Sunday, October 11, 2015

Eating Local Fish



A few years ago I completed a lifelong coast to coast journey by moving to coastal California (I was born in Massachusetts and have spent many vacations on the Maine coast).  I was so excited to get back to great local seafood.  Living on Monterey Bay I would certainly be surrounded by it. The first time I went to the grocery store I was so excited to see the fish department but found myself looking at little different than in a good Midwestern grocery store.  I tried a couple mom-and-pop fish shops only to find fish from all over the world and relatively little from my own backyard.  Seems just about the only local fish to be found was seasonal salmon, squid and crab.  Occasionally I might find sanddabs.  This just didn’t seem right.  I wandered out on the local piers and found locals catching mackerel and ling cod.  I saw whales and massive flocks of birds when the anchovies and sardines were back.  I saw the proof that there were other fish to eat.  But why is it not in the stores?  Why is there not a simple, little fried fish stand by the beach selling baskets of fish from the ocean out back?

In recent weeks I have come across a few news items pushing Paul Greenberg’s American Catch: The Fight for Our Local Seafood, including an interview with Terri Gross on NPR’s Fresh Air.  (http://www.npr.org/sections/thesalt/2014/07/01/327248504/the-great-fish-swap-how-america-is-downgrading-its-seafood-supply)  He reports that the rest of the world is eating proportionally more seafood than Americans, including a huge proportion of the fish we catch in our waters.  Further, we eat a narrow selection of the fish we catch and import a great deal of some of the very same species from Asian fish farms.  90% of the fish we eat here is imported, even for those of us living close to the sea. Our fishermen are making much more money in foreign markets than they can dream of making at home because Americans simply don’t eat many species.  In particular, we don’t eat fish with strong flavors such as mackerel and sardines.  But these are abundant and inexpensive.  I happen to think they’re also interesting.  In fact, just a few weeks ago I was on the Rio del Mar pier, and people we hauling in mackerel left and right.  I saw a few men with multiple five-gallon buckets filled with mackerel.  Folks, that’s free food for their families – local, seasonal and flavorful.  Nor do we eat fish that don’t cut into neat filets – we are looking for ease of preparation.  But what are we losing?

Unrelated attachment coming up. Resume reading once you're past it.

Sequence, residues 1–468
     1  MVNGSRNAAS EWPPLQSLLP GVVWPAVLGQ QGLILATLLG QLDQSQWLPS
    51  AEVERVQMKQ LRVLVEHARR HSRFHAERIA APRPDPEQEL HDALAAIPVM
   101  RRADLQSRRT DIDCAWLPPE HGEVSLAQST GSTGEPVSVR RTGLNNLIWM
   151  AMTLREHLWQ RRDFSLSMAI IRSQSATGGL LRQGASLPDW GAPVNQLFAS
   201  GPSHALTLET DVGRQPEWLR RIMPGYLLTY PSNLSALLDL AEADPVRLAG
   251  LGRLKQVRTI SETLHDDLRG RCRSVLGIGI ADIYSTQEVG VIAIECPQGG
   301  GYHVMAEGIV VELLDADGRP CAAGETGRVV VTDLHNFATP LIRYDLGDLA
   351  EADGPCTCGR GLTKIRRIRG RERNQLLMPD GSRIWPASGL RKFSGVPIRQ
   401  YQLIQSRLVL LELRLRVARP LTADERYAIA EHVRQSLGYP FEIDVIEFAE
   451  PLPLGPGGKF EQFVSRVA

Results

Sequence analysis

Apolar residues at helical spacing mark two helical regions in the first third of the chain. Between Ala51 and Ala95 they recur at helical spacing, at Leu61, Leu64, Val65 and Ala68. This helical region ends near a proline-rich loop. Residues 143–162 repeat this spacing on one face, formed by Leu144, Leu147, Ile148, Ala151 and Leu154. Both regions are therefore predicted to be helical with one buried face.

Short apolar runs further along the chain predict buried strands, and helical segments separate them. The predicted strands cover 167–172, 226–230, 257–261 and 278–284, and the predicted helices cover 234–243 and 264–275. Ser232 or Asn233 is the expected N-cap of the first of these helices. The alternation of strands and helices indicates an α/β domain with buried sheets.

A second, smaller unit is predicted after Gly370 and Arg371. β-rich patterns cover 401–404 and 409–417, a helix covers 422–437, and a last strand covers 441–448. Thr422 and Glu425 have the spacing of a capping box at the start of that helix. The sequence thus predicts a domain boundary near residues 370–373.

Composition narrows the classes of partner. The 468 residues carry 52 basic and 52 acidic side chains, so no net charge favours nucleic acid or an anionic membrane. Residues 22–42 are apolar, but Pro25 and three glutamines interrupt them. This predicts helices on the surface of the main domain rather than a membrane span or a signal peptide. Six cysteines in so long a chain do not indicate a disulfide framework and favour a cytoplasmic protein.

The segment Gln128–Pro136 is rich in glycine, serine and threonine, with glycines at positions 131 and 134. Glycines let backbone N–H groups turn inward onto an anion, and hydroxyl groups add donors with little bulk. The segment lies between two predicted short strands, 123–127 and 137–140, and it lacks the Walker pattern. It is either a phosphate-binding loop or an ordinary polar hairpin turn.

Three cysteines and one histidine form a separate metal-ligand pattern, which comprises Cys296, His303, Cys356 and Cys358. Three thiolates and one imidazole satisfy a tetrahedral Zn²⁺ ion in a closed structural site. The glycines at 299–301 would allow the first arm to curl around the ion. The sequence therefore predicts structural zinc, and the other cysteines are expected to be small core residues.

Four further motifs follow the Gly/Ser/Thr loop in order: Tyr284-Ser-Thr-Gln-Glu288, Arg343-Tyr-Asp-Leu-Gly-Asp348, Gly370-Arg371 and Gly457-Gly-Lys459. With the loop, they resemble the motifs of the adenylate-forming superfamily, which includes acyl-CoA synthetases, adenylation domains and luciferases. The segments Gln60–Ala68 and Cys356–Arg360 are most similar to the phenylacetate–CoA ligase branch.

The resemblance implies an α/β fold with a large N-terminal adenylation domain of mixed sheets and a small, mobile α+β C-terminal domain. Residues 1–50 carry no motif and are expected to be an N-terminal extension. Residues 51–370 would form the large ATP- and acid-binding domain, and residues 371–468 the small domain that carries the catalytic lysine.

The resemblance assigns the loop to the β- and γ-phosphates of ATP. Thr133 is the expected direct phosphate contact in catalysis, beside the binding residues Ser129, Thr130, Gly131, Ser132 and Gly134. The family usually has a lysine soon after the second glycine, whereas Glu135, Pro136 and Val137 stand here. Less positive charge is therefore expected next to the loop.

There are solutions if we want to change this.  We can search out restaurants that serve local, seasonal fish.  We can join a Community Supported Fishery, the aquatic equivalent of a CSA.  We can check out www.localcatch.org and see what we can find near us.  We can drop by the local mom-and-pops and the grocery stores and ask for species we want to see.  Granted, when I asked at my local grocery chain for sardines I was looked at like I was nuts and was told nobody had ever asked for them.  The local mom-and-pop needed a couple days’ leeway, but assured me they could get them.  You can look up a Trash Fish Dinner sponsored by the Chefs Collaborative.  When you find an interesting species, but enough to share, have some friends over and turn them on to something new.  If you live in the Mississippi, Ohio or Missouri Valleys, ask your local conservation agents about getting your hands on some Asian Flying Carp.  They’re invasive, destructive and make a great fish stew.  Walk into your local restaurants and ask what they serve that’s local and seasonal. 

If we are going to change this, we have to step up and ask for it.  There’s a world of new flavors and textures to try, and doing so will only be good for our local economies and our neighbors.  And our taste buds and appetites.

PS - Just this past Sunday, October 11 CBS Sunday Morning ran a segment about Lionfish.  Check it out at http://www.cbsnews.com/news/lionfish-from-malicious-to-delicious/ 
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